Empowering Brazil's Jewish Youth

Yeshiva University Students Travel to Sao Paulo as Part of the Center for the Jewish Future’s Counterpoint Brazil Program

A group of eight Yeshiva University students traveled to Sao Paulo, Brazil from Aug. 3 through Aug. 18 as part of YU’s Center for the Jewish Future (CJF) Counterpoint Brazil program—a service-learning initiative aimed at empowering the next generation of Jewish youth.

“Counterpoint empowers teens to discover their heritage, own their identity and kindle their passion for Judaism,” explained Aliza Abrams, assistant director of CJF’s department of service learning and experiential education. “The result is a joyous mixture of lasting friendships and Jewish pride.”

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Following the success of last year’s inaugural mission to Brazil over the Sukkot holdiay, the local Jewish community and Colegio Iavne—a Jewish day school in Sao Paulo—asked YU to return. Over the course of two weeks the Counterpoint team conducted several interactive Jewish identity seminars, workshops and a Shabbaton for local high school students, as well as a memorable Tisha B’ Av program. The group also met with local rabbis, lay leaders and members of the community.

“It is very important to show our students that it is possible to study in the university and in the Yeshiva at the same time,” said Carmia Kotler, Hebrew coordinator at Colegio Iavne. “This kind of experience can increase the possibility of our students returning to the community after university and adding a lot to Jewish community life.”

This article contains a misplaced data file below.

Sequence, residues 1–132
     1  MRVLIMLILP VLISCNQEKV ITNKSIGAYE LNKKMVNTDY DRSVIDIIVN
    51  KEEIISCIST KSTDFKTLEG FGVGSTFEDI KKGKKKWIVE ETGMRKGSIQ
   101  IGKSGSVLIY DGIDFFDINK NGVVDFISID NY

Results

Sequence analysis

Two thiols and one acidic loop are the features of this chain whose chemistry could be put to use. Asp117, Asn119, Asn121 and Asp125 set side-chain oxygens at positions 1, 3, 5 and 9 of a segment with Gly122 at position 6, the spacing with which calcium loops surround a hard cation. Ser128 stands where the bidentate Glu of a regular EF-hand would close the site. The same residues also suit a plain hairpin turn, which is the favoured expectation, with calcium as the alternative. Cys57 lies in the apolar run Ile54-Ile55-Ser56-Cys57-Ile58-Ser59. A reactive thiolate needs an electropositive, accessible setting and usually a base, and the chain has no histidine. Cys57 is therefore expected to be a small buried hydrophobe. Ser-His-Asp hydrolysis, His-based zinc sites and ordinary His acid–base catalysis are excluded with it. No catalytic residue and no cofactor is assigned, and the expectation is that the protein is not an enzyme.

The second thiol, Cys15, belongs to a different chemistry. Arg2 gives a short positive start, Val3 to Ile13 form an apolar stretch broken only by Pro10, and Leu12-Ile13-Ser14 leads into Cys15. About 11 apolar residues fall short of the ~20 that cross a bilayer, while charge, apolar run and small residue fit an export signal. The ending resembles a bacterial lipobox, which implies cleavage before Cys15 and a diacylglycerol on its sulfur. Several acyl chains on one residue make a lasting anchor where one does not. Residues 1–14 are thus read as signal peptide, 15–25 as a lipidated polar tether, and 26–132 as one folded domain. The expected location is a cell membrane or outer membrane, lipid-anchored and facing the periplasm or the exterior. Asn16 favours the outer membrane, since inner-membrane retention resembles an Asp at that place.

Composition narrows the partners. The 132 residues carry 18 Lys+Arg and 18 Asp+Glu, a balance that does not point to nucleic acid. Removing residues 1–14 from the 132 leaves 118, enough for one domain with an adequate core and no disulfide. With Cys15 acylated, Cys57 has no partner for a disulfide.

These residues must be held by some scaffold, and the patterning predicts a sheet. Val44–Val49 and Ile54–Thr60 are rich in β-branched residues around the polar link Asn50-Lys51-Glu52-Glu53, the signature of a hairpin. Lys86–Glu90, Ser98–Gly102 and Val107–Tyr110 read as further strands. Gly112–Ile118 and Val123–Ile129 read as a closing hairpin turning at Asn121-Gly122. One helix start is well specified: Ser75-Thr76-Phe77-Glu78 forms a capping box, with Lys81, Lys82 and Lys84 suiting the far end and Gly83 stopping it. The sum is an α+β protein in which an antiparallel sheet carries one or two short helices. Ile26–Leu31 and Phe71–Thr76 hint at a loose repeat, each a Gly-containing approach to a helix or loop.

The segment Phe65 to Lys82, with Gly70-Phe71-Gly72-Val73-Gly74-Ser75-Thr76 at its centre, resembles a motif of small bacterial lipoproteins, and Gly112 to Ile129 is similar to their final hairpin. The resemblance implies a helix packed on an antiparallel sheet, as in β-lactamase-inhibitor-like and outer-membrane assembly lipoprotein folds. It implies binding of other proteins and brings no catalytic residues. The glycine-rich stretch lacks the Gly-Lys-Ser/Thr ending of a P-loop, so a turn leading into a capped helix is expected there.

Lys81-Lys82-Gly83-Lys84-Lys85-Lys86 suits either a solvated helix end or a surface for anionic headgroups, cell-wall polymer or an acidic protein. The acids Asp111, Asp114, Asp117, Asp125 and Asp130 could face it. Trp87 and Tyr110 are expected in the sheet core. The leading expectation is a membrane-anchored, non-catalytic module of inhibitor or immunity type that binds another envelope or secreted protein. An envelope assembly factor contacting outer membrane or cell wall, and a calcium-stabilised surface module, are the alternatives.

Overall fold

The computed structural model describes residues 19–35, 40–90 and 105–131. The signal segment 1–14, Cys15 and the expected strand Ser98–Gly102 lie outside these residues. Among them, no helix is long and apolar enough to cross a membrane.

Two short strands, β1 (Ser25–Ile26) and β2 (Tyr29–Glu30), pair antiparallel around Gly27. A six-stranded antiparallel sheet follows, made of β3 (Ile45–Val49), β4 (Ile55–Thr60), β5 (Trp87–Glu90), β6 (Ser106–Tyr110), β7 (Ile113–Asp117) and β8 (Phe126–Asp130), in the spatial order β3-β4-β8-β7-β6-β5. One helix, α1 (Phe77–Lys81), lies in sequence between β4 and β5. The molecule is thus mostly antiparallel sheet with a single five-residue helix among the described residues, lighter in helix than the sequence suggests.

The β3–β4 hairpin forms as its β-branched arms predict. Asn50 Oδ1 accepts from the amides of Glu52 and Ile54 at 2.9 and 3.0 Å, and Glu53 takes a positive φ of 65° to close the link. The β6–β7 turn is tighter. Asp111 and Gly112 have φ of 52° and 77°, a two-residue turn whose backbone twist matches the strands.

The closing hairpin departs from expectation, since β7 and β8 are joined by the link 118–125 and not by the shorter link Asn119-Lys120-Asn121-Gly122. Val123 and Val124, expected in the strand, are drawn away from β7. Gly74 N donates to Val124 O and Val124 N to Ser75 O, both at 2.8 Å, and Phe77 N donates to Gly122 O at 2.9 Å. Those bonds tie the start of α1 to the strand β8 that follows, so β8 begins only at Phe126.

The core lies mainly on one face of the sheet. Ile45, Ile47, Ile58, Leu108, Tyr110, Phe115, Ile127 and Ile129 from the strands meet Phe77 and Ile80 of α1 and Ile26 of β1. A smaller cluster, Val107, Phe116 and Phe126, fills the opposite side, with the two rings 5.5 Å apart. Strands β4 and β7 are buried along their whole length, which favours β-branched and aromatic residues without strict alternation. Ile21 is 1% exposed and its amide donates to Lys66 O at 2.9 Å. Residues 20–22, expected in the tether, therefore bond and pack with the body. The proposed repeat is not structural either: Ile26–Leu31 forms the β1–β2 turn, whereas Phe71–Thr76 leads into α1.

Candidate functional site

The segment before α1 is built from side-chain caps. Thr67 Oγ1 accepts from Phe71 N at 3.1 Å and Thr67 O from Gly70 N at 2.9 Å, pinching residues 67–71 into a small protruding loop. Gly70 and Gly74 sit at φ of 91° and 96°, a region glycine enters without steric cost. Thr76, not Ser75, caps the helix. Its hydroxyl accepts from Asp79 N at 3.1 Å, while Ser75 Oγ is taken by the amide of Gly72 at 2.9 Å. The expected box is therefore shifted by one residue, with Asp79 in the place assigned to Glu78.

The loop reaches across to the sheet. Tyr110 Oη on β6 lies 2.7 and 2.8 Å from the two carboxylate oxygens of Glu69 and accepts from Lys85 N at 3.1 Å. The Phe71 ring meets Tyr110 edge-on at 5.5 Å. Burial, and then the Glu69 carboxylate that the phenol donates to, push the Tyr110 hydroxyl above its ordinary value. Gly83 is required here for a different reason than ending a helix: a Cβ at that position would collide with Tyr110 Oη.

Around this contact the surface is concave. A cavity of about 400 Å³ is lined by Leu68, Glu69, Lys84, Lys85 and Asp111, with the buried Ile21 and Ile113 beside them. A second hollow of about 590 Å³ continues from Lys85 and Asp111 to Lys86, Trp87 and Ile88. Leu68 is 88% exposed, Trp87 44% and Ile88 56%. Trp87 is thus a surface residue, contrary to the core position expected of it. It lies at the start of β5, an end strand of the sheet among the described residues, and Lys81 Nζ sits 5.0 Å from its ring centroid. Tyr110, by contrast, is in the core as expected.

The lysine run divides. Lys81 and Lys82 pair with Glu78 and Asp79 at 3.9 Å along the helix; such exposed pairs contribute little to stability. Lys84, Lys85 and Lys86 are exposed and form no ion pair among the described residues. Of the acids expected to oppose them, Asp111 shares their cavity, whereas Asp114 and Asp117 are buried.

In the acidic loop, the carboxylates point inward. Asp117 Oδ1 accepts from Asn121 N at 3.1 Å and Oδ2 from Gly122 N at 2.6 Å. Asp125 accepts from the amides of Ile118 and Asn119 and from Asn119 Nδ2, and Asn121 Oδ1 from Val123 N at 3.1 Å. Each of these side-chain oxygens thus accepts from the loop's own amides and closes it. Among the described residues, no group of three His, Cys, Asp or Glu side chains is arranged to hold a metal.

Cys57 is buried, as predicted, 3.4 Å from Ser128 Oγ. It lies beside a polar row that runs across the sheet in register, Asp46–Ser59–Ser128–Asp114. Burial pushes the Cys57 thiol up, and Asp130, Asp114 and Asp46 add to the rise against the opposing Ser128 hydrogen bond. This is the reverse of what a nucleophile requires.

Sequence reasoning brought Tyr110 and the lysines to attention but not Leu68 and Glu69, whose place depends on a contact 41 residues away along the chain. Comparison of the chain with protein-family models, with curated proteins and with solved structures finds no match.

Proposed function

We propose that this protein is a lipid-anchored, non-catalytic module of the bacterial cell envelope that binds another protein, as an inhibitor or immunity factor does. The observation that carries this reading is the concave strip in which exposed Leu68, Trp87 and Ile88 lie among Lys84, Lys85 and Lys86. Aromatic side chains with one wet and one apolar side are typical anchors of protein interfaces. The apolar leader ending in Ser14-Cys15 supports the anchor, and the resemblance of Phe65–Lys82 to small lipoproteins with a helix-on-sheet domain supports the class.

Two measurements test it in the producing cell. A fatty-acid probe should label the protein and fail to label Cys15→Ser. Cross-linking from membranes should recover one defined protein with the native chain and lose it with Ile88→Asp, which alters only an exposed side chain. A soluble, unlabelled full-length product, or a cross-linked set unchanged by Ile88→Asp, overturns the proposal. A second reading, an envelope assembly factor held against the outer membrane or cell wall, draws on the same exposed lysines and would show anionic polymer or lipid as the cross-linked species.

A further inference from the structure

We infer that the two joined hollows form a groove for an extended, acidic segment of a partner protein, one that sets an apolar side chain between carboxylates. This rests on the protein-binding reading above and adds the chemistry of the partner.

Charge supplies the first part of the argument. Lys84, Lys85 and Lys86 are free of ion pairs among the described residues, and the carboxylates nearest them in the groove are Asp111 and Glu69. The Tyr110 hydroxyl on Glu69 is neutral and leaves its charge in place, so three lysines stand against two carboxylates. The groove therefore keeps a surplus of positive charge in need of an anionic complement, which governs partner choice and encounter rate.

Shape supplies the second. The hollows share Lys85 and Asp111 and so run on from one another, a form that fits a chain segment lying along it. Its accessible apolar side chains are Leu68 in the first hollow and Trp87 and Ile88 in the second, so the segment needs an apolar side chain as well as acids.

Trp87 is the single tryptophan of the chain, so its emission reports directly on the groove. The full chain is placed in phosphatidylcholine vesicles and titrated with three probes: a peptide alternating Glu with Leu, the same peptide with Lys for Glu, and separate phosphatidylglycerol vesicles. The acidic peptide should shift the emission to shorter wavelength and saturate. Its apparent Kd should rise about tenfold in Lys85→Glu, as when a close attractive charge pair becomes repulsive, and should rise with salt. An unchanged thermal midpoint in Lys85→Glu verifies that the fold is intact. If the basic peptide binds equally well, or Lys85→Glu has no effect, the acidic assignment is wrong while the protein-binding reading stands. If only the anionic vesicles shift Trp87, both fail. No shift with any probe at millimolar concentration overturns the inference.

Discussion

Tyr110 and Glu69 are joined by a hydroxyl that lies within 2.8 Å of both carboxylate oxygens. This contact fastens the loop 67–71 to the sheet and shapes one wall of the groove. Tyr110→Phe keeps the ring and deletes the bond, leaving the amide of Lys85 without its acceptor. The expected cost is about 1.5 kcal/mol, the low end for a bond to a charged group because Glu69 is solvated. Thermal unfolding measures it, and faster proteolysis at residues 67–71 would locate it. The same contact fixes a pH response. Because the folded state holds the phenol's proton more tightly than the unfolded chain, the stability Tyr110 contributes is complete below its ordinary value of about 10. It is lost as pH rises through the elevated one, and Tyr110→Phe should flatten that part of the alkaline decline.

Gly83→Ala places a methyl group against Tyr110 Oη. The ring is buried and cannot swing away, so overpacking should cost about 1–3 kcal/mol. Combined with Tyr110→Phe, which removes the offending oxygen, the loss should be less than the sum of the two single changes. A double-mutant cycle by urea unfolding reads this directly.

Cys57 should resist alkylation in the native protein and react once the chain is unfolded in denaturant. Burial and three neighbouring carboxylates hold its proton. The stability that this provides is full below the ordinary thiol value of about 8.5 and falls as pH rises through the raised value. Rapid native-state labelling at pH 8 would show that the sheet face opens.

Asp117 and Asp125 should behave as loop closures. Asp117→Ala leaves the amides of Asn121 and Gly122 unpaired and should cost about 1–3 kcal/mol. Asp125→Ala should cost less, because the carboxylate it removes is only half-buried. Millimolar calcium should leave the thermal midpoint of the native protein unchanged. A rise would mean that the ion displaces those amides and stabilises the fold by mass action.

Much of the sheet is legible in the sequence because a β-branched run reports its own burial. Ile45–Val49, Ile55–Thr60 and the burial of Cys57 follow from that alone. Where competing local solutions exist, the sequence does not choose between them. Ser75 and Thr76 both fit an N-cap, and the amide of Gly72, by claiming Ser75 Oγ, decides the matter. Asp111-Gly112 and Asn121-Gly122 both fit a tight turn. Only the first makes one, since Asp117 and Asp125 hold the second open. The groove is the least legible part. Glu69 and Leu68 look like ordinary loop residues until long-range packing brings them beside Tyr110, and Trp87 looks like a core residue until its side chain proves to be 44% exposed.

The Counterpoint program has existed for more than 35 years, affecting the lives of tens of thousands of Jewish teens worldwide in countries such as Australia, Brazil, South Africa, Turkey and Israel. Undergraduates with experience in informal education serve as guides who create and run all the programming.

Led by Abrams, the Counterpoint Brazil team included YU students Adam Berman, Ezra Blaustein, Benjamin Blumenthal, Adina Borg-Blaustein, Nora Ellison, Rebekah Friedman, Zach Mammon and Elianna Pollak.

“The CJF runs programs in which a student has the opportunity to truly experience the methodology of experiential learning and see the results firsthand,” said Ellison, of San Diego, CA.

“My experience has been very positive and I am now considering a career in teaching,” said Pollak, a native of New York City who took part in a CJF program to Germany last year. “Informal education had not been my area of focus but I wanted to take this chance to experience a different and dynamic approach to education. After participating, my desire to go into the education world has only been strengthened.”

To learn more about the CJF and its upcoming programs visit www.yu.edu/cjf.

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